from the president saying the administrations have been talking to north korea for 25 years, agreements made money sive amounts of paid and he goes on to say hasn't worked, agreements violated, making fools of u.s. negotiators. sorry, only one thing will work. do you think leading up to the last line, does he have a point? does.: yes, he we've had four agreement where is they promised never to build failed. weapons, those four subsequent agreements they promised to give up the weapons promised to never build and those failed. four, ty, three party, party, six party talks were unsuccessful. korea have tried to reach out, those all failed to korean behavior -- hoping for. host: is diplomacy the best way typerd and to come to some
of terms with north korea? guest: as they have said, they won't give up the nuclear weapons, i would add under present circumstances. e do need to use a comprehensive, integrated strategy, using all the instruments of national power, pressure. so if we want to get them back to the negotiating table in a to fullyl way, we need enforce u.s. law. misperception and iscalculations and mischaracterizations of sanctions on north korea. president obama said it is the most heavily sanctioned and cut wrong.ion on earth, he's the u.s. is sanctioned other nations more firmly than north korea. it was only last year we had finally cumulatively sanctioned korean entities as sudan and zimbabwe. host: first call from nashville, tennessee. richard, you are on, go ahead. caller: good morning. my question is, and i have a quick comment. borders of k at the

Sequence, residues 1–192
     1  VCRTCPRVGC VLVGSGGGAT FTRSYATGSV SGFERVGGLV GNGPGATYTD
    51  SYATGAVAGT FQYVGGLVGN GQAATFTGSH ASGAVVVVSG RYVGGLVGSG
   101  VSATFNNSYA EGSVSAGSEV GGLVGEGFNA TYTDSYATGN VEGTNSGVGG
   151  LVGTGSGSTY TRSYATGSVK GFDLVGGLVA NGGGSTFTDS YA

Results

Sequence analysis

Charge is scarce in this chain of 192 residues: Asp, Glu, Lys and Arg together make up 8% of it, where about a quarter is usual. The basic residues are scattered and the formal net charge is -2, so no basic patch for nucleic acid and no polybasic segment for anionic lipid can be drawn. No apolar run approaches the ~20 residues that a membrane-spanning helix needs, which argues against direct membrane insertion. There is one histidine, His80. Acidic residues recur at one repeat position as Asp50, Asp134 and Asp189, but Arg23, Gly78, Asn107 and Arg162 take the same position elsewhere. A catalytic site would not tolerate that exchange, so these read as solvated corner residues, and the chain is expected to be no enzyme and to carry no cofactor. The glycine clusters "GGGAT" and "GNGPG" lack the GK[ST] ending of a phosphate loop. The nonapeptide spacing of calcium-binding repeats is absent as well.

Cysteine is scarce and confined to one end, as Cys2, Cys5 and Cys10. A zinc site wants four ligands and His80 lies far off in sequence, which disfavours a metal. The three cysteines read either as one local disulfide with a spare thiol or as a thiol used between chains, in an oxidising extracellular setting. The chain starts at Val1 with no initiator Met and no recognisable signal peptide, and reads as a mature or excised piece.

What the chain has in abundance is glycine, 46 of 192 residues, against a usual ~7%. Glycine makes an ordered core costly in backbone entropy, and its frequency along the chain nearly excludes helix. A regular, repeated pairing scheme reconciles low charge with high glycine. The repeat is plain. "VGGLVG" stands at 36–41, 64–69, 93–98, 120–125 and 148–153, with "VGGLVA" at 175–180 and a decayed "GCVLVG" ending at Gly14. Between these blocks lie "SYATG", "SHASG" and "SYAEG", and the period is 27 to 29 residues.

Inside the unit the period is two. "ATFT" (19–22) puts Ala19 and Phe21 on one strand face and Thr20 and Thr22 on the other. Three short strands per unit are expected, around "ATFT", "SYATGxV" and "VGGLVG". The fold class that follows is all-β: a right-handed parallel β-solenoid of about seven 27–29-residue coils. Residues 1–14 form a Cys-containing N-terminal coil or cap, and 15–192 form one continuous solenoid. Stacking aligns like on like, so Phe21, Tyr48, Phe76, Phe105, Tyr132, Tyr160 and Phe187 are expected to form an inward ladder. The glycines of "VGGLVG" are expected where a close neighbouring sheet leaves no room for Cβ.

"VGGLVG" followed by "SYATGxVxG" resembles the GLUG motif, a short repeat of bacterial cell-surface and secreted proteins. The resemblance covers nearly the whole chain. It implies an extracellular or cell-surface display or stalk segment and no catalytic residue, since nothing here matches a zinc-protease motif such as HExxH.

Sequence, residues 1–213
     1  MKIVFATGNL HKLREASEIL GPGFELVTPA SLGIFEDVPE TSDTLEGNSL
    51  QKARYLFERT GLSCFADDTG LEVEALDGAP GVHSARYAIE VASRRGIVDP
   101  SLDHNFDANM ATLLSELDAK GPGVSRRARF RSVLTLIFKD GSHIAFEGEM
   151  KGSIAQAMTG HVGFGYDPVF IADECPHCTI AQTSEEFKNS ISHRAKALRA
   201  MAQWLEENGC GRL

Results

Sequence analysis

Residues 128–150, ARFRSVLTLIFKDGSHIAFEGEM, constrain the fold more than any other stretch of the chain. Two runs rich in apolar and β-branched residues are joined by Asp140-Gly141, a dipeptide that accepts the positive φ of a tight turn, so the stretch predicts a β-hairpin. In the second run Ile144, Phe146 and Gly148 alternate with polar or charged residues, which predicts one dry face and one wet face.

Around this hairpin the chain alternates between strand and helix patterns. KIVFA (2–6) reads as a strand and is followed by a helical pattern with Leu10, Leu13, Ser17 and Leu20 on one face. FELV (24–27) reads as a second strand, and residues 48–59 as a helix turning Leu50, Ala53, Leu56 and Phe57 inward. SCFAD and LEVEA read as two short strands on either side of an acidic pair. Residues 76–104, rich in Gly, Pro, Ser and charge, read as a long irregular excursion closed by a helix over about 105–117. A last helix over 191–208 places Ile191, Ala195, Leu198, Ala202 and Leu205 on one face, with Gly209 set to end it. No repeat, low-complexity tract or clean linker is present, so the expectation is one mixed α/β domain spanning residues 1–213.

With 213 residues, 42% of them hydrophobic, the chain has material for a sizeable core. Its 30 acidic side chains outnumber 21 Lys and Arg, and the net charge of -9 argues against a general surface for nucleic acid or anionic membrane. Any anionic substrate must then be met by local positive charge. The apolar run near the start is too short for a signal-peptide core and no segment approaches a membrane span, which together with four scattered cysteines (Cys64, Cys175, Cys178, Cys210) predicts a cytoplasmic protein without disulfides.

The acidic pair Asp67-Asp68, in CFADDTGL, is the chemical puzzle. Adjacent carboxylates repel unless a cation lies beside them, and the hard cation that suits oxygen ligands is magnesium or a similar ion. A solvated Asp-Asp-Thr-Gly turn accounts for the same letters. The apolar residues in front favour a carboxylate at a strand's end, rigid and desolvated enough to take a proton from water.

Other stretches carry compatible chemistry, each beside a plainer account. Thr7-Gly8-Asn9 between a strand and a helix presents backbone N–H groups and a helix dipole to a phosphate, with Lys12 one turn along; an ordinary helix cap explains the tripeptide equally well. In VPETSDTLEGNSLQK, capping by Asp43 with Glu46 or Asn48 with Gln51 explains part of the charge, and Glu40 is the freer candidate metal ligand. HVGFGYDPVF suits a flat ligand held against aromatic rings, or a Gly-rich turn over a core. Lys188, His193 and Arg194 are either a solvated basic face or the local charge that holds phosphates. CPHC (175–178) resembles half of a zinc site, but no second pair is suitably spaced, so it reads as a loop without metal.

north korea, china, russia, you are your three big players, u.s., china and russia, everyone has special interest. if we went into a war, i'm oncerned american people don't realize what that entails. is groundlogy war, it troops, it will take that. i remember growing up as a to talk about d if the red chinese ever marched on america, we are in trouble. from different nations, whether the u.s., whether president trump or it ia or whatever, look at like this, it's a five-car stud poker game. has their interest, some are bluffing, some got the just trying tore hold on and see if they can get a better deal, a new car. got to look at, it's a poker game we're playing here. host: richard, thank you. yes, as secretary of